Last year's TCMFF was a long weekend of veritable Sophie's Choices. My heart was set on Peter-O'Toole-a-Thon, but this was at the expense of some lovely other screenings, like The Outlaw Josey Wales, Manhattan, La Dolce Vita, Bigger Than Life, The Third Man and tons of others. To choose between all-star post-film discussions and Kevin Brownlow? So painful. Digital projection of a movie I've seen and loved or a restored 35mm of something I've never heard of? These are the manifold painful pleasures of the TCMFF, which is like an edenic fever-dream for cinephiles wrapped up in an absurdly jam-packed schedule of anxiety-inducing psychological torture and sadness.
But looking over this year's schedule has come as a pleasantly less heart-wrenching experience. 2012 seems a year programmed just for me, chock-full of westerns, films noir, silents, and classic Universal horror films. I mean, I take it these program decisions were a direct shout-out to yours truly. Holla, TCMFF programmers.
Check out the 2012 schedule here.
Thursday, April 12
Luckily, the first day is always the easiest. After what I assume will be a busy socializing (read: drinking) period in the morning and afternoon, my noir adventure begins at the 3PM Club TCM panel The Maltese Touch of Evil. What is this? Who knows, who cares; it sounds awesome.
Since nobody and their mother gets into the super-duper VIP screening of Cabaret, the rest of us rabble will no doubt congregate at the 5PM Club TCM Festival Welcome Party, where the scoring of free drinks gets top billing. If it's anything like last year, everyone will stand around awkwardly, there will be absolutely no breathing room and lots of very excited nerds talking with their hands.
Hopefully retaining at least a semblance of sobriety, I'll be spending the evening at the Chinese Multiplex 3 where the silent Joan Crawford-starring Our Dancing Daughters begins at 7:15PM. There I will remain to geek out over Eddie Muller, Burt Lancaster and noir in 35MM; yes, it's Criss Cross at 10PM.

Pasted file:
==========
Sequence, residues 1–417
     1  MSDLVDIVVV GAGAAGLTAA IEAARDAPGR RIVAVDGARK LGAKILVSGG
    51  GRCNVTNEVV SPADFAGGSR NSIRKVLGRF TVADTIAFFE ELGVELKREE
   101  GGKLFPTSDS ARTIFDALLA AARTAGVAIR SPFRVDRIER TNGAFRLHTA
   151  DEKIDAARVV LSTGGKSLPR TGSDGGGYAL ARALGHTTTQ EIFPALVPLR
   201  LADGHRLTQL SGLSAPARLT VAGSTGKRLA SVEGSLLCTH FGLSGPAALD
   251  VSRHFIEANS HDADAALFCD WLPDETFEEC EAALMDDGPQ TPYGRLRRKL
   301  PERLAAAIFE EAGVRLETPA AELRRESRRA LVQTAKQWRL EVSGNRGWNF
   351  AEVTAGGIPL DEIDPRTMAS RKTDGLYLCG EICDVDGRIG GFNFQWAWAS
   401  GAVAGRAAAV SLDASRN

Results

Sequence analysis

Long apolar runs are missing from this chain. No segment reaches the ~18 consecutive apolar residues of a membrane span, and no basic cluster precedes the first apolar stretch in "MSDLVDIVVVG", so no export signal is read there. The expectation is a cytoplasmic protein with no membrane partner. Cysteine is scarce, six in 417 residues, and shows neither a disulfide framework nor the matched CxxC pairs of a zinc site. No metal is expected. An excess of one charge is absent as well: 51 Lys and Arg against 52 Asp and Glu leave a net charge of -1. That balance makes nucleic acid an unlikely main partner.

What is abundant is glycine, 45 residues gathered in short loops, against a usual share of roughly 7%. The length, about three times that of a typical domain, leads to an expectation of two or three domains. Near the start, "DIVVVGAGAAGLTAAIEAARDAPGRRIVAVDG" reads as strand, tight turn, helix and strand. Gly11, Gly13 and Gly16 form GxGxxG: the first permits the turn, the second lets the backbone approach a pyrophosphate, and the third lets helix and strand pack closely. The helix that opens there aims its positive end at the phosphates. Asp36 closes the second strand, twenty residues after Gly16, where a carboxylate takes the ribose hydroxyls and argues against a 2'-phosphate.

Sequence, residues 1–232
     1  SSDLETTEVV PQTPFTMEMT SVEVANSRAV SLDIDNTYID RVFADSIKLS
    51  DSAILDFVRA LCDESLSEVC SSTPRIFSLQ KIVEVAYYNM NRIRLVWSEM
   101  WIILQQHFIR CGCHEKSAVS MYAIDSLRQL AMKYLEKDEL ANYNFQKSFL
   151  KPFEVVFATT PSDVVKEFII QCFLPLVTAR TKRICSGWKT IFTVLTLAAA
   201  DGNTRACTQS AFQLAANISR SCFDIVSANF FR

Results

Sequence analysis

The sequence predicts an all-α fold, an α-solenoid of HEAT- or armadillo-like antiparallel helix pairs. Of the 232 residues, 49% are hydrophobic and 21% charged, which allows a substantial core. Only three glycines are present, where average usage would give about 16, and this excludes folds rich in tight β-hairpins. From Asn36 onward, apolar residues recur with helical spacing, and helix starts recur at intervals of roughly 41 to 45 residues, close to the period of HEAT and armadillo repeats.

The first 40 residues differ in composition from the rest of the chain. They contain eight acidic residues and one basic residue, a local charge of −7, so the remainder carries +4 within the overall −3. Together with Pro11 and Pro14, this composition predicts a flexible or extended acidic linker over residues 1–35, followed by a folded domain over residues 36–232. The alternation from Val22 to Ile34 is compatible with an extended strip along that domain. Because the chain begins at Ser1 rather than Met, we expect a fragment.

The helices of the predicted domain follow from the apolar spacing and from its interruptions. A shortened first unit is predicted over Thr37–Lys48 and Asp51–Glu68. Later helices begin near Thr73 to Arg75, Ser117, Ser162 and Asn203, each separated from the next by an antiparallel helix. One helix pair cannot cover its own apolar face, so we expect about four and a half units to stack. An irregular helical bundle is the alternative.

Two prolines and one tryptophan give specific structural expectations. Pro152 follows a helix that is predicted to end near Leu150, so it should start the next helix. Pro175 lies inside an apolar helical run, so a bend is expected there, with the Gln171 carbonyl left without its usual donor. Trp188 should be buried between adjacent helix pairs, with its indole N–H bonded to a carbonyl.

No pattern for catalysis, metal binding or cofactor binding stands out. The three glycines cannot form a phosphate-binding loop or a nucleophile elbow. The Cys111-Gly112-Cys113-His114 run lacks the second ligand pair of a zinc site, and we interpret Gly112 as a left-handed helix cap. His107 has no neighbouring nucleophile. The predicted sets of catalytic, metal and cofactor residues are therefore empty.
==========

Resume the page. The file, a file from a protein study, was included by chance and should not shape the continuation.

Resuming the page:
Friday, April 13
Rise and shine to CRUSHING INDECISION. Will it be The Searchers at Grauman's or Wings at the Chinese Multiplex 1? Both films are digital projections, which kind of breaks my heart, but I've already seen Bringing Up Baby on the big screen and neither of the other films scheduled in the morning interest me. Ultimately, I think this will come down to which of my friends goes where. I'll follow the lemmings.
Lunchtime will find me again in the Chinese Multiplex 3 for Raw Deal and staying there for Nothing Sacred. This is a tough choice because I LOVE Frankenstein (playing at the Egyptian at 3:30PM), but I've seen it in 35mm before and Nothing Scared is a screwball comedy starring Carole Lombard, directed by William Wellman and written by Ben Hecht. So basically all of my favorite people.
The first evening program represents probably the worst scheduling conflict of the fest: Do I wait in the gigantic line to see Vertigo at Grauman's GIGANTIC screen and hear Kim Novak talk about it? I mean, I probably will. It's Vertigo. Those colors. On that screen. With KIM NOVAK HERSELF. How could I say no? Even though I'd really like to go to continue my noir-a-thon with Cry Danger at the Egyptian...